Subriel Matias hopes Maxim Dadashev "is all right" after it was reported the latter needed surgery because of swelling on the brain, per Steve Kim of ESPN.
Dadashev lost to Matias thanks to an 11th-round stoppage during an IBF Junior Welterweight eliminator at Marylands's MGM National Harbor on Friday night. The Russian had to be helped from the ring before a stretcher was called after Dadashev had vomited.
He was taken to the Prince George's Hospital Center at the University of Maryland for treatment.
Trainer Buddy McGirt threw in the towel as Dadashev was being subjected to increasing punishment during Round 11.
McGirt explained to Kim (h/t Boxing Scene's Keith Idec) why he took the decision to protect his fighter: "I think right now he's dehydrated—I think he really needs some IVs in him. He didn't want to drink much water in the corner—he kept spitting it out. He had one hell of a fight, tough fight. He took a lot of shots. I think it was time to stop it."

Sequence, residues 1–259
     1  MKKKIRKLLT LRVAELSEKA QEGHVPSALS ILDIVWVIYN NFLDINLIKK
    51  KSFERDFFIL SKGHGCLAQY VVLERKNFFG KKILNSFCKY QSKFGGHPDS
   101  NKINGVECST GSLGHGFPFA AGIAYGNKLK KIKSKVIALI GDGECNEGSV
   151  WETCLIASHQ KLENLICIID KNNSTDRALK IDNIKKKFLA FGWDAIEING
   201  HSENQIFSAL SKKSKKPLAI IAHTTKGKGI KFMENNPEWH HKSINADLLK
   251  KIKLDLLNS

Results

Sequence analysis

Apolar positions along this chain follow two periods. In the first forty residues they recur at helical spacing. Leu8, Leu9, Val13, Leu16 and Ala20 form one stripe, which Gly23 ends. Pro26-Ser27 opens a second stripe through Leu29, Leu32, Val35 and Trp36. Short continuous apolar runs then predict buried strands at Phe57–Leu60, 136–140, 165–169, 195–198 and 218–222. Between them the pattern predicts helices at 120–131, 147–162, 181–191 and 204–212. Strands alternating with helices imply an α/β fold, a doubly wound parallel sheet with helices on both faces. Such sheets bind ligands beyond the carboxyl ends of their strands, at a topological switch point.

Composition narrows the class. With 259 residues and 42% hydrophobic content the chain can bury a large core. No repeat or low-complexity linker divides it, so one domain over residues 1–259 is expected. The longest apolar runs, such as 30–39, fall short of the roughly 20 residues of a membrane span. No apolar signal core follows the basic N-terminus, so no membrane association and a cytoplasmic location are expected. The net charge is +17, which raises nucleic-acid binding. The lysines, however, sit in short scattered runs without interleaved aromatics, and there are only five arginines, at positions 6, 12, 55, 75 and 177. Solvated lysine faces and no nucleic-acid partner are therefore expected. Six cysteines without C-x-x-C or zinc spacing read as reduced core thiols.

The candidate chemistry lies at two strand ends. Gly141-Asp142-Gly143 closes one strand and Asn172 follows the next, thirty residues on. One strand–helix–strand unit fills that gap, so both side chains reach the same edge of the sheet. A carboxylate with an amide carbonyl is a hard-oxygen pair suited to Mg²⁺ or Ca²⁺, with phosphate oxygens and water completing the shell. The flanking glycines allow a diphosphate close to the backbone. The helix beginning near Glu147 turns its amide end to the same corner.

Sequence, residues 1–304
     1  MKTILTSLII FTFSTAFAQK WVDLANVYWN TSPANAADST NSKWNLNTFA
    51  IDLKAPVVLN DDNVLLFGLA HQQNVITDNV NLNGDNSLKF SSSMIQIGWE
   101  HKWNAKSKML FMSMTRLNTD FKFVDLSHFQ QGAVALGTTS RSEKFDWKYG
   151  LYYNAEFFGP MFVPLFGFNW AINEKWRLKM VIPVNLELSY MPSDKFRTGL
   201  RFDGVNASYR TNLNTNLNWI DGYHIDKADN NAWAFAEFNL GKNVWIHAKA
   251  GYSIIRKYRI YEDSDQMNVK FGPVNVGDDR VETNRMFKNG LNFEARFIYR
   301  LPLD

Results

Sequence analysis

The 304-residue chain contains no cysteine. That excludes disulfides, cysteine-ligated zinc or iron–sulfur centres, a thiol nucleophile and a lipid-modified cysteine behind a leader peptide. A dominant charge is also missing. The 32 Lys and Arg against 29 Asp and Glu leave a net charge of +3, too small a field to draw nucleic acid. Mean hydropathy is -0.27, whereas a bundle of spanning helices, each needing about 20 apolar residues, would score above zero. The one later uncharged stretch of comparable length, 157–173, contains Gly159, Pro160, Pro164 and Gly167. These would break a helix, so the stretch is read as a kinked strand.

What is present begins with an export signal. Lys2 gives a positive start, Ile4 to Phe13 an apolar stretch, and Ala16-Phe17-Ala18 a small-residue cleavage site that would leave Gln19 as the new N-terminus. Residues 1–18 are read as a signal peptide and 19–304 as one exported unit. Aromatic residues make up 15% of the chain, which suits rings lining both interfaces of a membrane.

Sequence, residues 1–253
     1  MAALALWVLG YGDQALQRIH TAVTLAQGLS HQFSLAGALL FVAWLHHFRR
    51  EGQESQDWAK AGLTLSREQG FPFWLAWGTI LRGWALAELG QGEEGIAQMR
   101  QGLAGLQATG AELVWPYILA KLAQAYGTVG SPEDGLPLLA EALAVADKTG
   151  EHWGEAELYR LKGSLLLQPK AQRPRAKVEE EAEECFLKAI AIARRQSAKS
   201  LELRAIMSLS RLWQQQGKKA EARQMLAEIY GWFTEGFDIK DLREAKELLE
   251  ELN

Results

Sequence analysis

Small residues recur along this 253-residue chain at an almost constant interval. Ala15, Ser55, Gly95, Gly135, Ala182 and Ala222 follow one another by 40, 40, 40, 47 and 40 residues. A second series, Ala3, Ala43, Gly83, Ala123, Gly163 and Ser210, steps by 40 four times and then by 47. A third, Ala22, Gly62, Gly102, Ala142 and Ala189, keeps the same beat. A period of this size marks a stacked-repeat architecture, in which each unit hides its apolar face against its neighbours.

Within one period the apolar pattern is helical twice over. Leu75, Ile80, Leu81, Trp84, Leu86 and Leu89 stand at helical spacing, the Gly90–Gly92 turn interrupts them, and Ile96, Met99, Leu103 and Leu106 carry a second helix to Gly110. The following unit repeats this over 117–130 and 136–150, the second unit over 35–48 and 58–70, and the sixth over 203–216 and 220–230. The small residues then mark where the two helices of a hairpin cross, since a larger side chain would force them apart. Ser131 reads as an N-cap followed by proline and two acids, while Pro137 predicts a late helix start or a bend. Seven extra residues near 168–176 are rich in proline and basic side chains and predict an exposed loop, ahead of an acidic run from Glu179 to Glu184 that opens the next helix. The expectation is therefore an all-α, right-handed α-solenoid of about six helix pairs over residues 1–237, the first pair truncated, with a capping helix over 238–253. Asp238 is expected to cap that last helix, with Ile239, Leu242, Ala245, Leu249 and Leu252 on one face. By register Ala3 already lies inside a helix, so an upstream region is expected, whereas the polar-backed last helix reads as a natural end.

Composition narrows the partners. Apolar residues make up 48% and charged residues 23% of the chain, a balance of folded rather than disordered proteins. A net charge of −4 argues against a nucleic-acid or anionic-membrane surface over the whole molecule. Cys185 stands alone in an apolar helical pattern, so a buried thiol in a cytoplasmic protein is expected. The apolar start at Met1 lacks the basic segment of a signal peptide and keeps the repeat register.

Bringing the fight to a premature close was justified given the barrage of shots Dadashev had absorbed. Kim cited statistics from Compubox noting how Matias had landed 319 punches to the 28-year-old's 157, with the former targeting the body with 112 of his successful shots.
The toll of Matias' punches was obvious, with Boxing Scene's Cliff Rold describing a "red welt" becoming more prominent on the left side of the St. Petersburg native. Rold also noted how Dadashev collapsed as he was being led away from the ring.
Meanwhile, the decision to change destinations from Washington Adventist Hospital to UM was prompted by Dadashev becoming unconscious after initially proving responsive in the ambulance, according to Gene Wang of the Washington Post.
Matias, who recorded his 14th win in as many fights, called Dadashev "a great fighter and a warrior."